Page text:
"We simply attempt to be fearful when others are greedy and to be greedy only when others are fearful." -- Warren Buffett

Of all the Oracle of Omaha's orations, this one holds a special place in Foolish investors' hearts. When looking to bag a bargain, a panicked sell-off by jittery investors offers you a great chance to snap up stocks on the cheap.

In the short term, professional traders' pessimism can become a self-fulfilling prophecy. Desperate institutions lower their asking prices to get rid of a stock, prompting buyers' bid prices to fall in tandem, creating the very price decline that both sides feared in the first place -- until the selling stops.

Until it does, savvy investors can "get greedy," snapping up bargains from these fearful sellers. (Assuming they really are bargains.) In today's column, we'll see which stocks Wall Street's motivated sellers are most frantic to unload -- and whether you should buy 'em:

Stock

Recent Price

CAPS Rating

(out of 5)

Nokia (NYSE: NOK)

$10.66

****

Electro-Optical Sciences (Nasdaq: MELA)

$6.51

***

Green Mountain Coffee (Nasdaq: GMCR)

$72.16

*

Companies are selected from the "Institutional Ownership Down Last Month" list published on MSN Money after close of trading on Thursday. Recent price provided by Yahoo! Finance. CAPS ratings from Motley Fool CAPS.

Wall Street vs. Main Street
Up on Wall Street, the pinstripes-and-wingtips people are unloading these stocks just as fast as they can? Down here on Main Street, though, each of these companies still has its fans.

For example, CAPS All-Star BeRadBee sees Green Mountain as a potential target for acquisition by Starbucks (Nasdaq: SBUX). According to BeRadBee, Green Mountain: "Has done for Coffee Brewing systems what Starbucks has done for Coffee. I really think Starbucks could push the needle and offer a better union by buying them." CAPS member velo15 entertains similar hopes for Electro-Optical: "Charles Stiefel joined their BOD in Jan. 2010. . . about 6mos after he sold the largest privately owned dermatological company to [GlaxoSmithKline] = "Stiefel Laboratories", gosh whatcha think [Electro-Optical] has in mind???"

But absent a stock-saving buyout, are either of these stocks truly the best places to put your money? The consensus opinion on CAPS remains muted on Electro-Optical, while based on its single, solitary star, it seems most Fools are profoundly put off by Green Mountain's over-caffeinated stock price. Fact is, there's only one company on today's list that truly trips the trigger of CAPS investors, and that's ...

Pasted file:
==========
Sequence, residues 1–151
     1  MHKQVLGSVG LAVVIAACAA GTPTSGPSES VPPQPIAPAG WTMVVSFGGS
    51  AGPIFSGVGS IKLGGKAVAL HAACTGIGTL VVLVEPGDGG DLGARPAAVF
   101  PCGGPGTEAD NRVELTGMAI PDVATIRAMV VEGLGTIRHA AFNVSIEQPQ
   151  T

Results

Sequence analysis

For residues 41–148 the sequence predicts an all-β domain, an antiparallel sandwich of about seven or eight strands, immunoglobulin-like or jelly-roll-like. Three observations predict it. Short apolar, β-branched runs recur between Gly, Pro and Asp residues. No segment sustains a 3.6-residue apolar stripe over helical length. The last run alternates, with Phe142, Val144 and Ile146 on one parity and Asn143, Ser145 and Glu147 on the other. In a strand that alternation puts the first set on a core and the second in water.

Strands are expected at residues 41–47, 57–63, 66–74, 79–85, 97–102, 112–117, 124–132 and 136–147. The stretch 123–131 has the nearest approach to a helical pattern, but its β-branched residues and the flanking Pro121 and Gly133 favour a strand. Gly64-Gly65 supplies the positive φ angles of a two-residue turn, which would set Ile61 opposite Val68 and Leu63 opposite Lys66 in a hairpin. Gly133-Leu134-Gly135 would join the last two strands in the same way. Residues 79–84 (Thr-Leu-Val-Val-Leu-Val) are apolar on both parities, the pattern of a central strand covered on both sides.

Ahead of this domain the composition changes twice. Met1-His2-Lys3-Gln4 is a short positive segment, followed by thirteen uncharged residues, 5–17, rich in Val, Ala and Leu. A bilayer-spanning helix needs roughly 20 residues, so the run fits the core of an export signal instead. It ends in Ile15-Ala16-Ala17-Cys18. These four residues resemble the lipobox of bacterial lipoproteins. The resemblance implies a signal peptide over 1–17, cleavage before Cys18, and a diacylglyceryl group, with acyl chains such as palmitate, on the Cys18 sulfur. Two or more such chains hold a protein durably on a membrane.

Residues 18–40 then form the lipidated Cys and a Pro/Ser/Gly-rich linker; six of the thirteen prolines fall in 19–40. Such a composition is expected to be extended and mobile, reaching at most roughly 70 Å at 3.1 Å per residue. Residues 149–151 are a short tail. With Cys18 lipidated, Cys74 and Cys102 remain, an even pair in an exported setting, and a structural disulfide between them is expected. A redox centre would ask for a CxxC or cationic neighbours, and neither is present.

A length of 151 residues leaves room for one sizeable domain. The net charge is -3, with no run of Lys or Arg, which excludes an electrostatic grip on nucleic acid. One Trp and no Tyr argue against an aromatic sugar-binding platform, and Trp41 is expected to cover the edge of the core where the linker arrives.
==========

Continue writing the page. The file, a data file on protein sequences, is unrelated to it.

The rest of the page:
Nokia
Refusing to place his hopes in an acquisition, CAPS member davidinmaine thinks Nokia will do just fine for investors, all on its own. After all, the stock's "undervalued and pays good dividend."

BJames40 agrees, adding that Nokia boasts "great market share, especially in EM." (Meaning, I presume, emerging markets.)

Topping it all off, Psyq believes that Nokia's "Cash in hand" and "healthy balance sheet" make this company a survivor.

Ring, ring -- anybody want to answer that?
Can anyone -- even Nokia -- be expected to survive a combined onslaught by Apple's (Nasdaq: AAPL) iPhone and the legions of Android-powered Google (Nasdaq: GOOG) clone phones?

It's a fair question to ask. A valid concern, in light of Nokia's precipitous decline from years past. Just over two years ago, Nokia was reporting $10.5 billion in annual earnings. Its most recent earnings report, in contrast, shows Nokia to have become a mere shadow of its former self. The company's trailing earnings of just $1.5 billion amount to barely 14% of what Nokia used to earn. Or ... do they?

GAAP-calculated earnings are all well and good, but when placing my hard-earned cash on the line, I like to focus on something a bit more substantial. Namely, the amount of actual cash a company generates from its business: its free cash flow.

In Nokia's case, this amounts to a less-impressive-than-in-years-past, yet still substantial, $4.6 billion for the trailing-12-month period. And when we match that up against the company's $41.6 billion market cap, what we find here is a company undeniably down on its luck, but far from "out."

Foolish takeaway
Trading for a mere nine times free cash flow, yet expected by most analysts on Wall Street to grow at better than 10% per year over the next five years, Nokia looks like a particularly good value to me, today. And as for the question of how long we must wait to see Nokia find its footing, and regain the ground it's lost, well ... so long as Nokia is offering you a 4.5% dividend while you wait, I can only conclude:

With Nokia, patience is a virtue.

Disagree? Feel free. If you've got a less favorable view of Nokia, click on over to Motley Fool CAPS right now, and tell me why I'm wrong.

Nokia's stock has lagged the market badly over the past year. How do you tell a bargain stock from a value trap? Find out here.

Nokia is a Motley Fool Inside Value selection. Green Mountain Coffee Roasters and Google are Rule Breakers recommendations. Apple and Starbucks are Stock Advisor picks. The Fool owns shares of Electro-Optical Sciences and GlaxoSmithKline. Fool contributor Rich Smith does not own shares of any company named above. You can find him on CAPS, publicly pontificating under the handle TMFDitty, where he was recently ranked No. 538 out of more than 160,000 members. The Fool has a disclosure policy.